FanPost

Manny Acta: Bunts, Steals, 'n IBBs

This won't be the most scientific analysis of Manny Acta's managerial influence, but hey it's at least a talking point. The three categories listed in the title, "bunts", "steals", and "intentional base on balls" are chosen as the elements to be assessed in my attempt to quantify Acta's role. I'm choosing these categories because of the available data on baseball-reference.com, and because these three categories seem to have the most managerial influence. I'm mostly interested in the number of attempts made by Manny Acta's teams with regards to the two first categories, bunts and steals, which also happen to be both offensive categories. While the intentional base on balls (IBB) category is on the pitching side of things, and is unlike the other two, is exclusively a managerial decision. This last point is an important caveat to this "analysis". There's no way to tell if the decision to attempt a stolen base is ordered by the manager or simply made by the player on the fly. We can probably assume that players will rarely attempt a stolen base when a sign to not steal is given, there isn't much of a problem here. But, we don't know how often the permission to attempt a stolen base is given by the manager, but never acted upon by the player due to any number of factors. So although I'm using data like stolen base attempts to gage Manny Acta's tendencies, the data is incomplete and leaves the analysis open to invalidation.

I wanted to look at these numbers from a couple different angles. One of the angles, is to invite our old friend Eric Wedge to the table and see where he stood in the last few years of his bloody reign. The other is to consider Manny Acta's own pre-2010 data while a manager of the Washington Nationals. There's problems in trying to gleam significance from either of these comparisons. Problems such as the fact that the 2008 and 2010 Cleveland Indians were quite different with regards to roster construction. Also, when considering Acta's time in Washington, one must also consider the fact that the Nationals play in a little girls league known as the National League where pitchers hit, bunts flow like wine, and Justin Bieber is considered palatable dinner party music. So take this stuff for what it is, a starting point of a discussion on Acta.

Justin_bieber_medium

Here's the key to the categories below: G = games, SBA = stolen base attempts, SBO = stolen base opportunities, SBA % = stolen base attempt percentage, SH = sacrifice hits (bunts), SHA = sacrifice hit attempt, SHA/G = sacrifice hit attempts a game.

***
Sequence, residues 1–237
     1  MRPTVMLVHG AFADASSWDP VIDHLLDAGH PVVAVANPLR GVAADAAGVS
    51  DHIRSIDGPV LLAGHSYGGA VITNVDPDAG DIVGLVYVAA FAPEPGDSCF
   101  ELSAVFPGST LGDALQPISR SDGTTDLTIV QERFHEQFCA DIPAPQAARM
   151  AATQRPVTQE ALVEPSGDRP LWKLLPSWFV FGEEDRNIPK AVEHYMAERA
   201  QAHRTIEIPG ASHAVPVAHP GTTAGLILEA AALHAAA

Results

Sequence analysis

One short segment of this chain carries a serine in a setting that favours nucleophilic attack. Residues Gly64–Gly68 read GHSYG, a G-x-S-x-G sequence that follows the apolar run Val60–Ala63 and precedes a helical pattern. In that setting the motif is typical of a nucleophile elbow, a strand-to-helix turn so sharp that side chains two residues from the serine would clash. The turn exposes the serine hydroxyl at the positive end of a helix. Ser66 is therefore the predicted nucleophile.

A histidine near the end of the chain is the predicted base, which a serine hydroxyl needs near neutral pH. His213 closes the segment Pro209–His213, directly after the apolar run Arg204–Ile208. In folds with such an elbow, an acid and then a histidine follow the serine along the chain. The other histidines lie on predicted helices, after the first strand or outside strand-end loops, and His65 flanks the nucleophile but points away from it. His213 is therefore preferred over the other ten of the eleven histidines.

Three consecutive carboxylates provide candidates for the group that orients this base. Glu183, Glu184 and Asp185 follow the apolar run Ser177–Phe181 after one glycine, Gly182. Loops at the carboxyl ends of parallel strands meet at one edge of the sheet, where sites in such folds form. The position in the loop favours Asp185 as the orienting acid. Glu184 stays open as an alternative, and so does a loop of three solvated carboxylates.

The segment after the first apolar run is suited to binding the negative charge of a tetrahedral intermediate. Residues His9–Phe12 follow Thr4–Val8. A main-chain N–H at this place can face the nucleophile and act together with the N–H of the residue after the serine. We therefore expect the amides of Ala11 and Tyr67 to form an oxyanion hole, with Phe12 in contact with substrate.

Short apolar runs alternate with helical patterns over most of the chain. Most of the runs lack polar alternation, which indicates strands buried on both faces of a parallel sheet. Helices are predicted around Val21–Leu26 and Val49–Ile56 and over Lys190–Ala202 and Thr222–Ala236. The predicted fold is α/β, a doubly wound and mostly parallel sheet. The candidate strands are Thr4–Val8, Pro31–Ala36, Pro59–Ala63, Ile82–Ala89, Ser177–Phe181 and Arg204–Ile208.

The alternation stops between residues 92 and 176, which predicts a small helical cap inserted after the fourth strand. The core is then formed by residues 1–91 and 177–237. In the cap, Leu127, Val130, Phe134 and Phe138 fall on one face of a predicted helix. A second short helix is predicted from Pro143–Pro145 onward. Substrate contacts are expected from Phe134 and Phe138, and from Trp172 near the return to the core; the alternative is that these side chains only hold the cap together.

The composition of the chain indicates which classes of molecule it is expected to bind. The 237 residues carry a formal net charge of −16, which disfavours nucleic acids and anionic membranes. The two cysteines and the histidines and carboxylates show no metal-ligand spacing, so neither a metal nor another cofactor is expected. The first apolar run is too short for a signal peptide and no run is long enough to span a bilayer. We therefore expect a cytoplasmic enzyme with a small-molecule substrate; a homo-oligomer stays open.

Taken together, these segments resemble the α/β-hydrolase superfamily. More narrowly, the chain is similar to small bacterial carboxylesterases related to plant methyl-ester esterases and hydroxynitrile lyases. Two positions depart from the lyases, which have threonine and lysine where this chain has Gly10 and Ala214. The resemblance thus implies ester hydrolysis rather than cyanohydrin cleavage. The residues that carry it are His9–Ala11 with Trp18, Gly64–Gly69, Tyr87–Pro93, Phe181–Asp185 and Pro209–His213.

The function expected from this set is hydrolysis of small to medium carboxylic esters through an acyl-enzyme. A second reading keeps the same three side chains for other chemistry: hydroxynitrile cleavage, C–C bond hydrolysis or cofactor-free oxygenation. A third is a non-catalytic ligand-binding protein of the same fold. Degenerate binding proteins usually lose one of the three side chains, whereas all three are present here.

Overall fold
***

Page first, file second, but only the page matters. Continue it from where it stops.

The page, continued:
Year/Team


Offense









Pitching



G

SBA

SBO

SBA %


SH

SHA

SH %

SHA/G


IBB

IBB/G

2011/Cle

73

62

971

6.39%


12

16

75%

22%


7

9.6%

2010/Cle

162

124

2251

5.51%


36

49

73%

30%


36

22.2%

total

235

186

3222

5.77%


48

65

74%

28%


43

18.3%

 

The table above is of Manny Acta's tenure with the Indians through today 6/24/11. Now for comparison, the table below is of Manny Acta's time with Washington.

 

Year/Team


Offense









Pitching



G

SBA

SBO

SBA %


SH

SHA

SH %

SHA/G


IBB

IBB/G

2009/Was

87

54

1200*

4.50%


31

48*

65%

55%


26

29.9%

2008/Was

161

124

2341

5.30%


64

104

62%

65%


44

27.3%

2007/Was

162

92

2339

3.93%


63

93

68%

57%


44

27.2%

total

410

270

5880

4.59%


158

245

64%

60%


114

27.8%

* ran at roughly 50% of the team's season-end total.

You can immediately see the jump in sacrifice hitting attempts, thus the National League effect. So you can pretty much chalk the bunting analysis in the trash when comparing his early work to current levels, other than concluding that he's adjusted to the AL style and has not forced the NL style on this team. To further this point check out the next table, which happens to belong to Mr. Wedge.

Year/Team


Offense









Pitching



G

SBA

SBO

SBA %


SH

SHA

SH %

SHA/G


IBB

IBB/G

2009/Cle

162

115

2411

4.77%


39

54

72%

33%


31

19.1%

2008/Cle

162

106

2390

4.44%


43

55

78%

34%


28

17.3%

2007/Cle

162

113

2435

4.64%


32

43

74%

27%


42

25.9%

total

486

334

7236

4.62%


114

152

75%

31%


101

20.8%

 

I found this interesting because the perception from the casual fan seems to be that Eric Wedge was adverse to "small ball" to the point of fainting in the dugout if a player attempted to bunt while batting, while Manny Acta, being from the NL and orchestrating that memorable Ezequiel Carrera game winning bunt for a base hit (which actually wouldn't have shown up on here, because it was a bunt for a hit instead of a sacrifice), would be a "small ball" king. But, here we see Acta has a 28% SHA/G in his Cleveland career, and Wedge had a 31%.

Also interesting is Acta's Indians have attempted stolen bases more often than either Wedge's Indians (maybe not that surprising) and Acta's Nationals (this was surprising). In fact, the trend so far this season is that the team will end up attempting even more stolen bases than last season.

Acta's Indians also give away fewer intentional free passes than his Nationals teams or Wedge's Indians. Though it looks like Wedge was trending lower in his last two years himself. This strategy immediately reminds me of a game against the Twins earlier this season when Acta elected to pitch to Justin Morneau with a base open and Morneau belted a double pushing a Twins lead in the close game.

Images_medium

The few trends I draw from this data is that Acta does not like bunting generally, will push the running game more than in his past or the Cleveland organizations recent past, and may be adverse to issuing intentional free passes to the other team.

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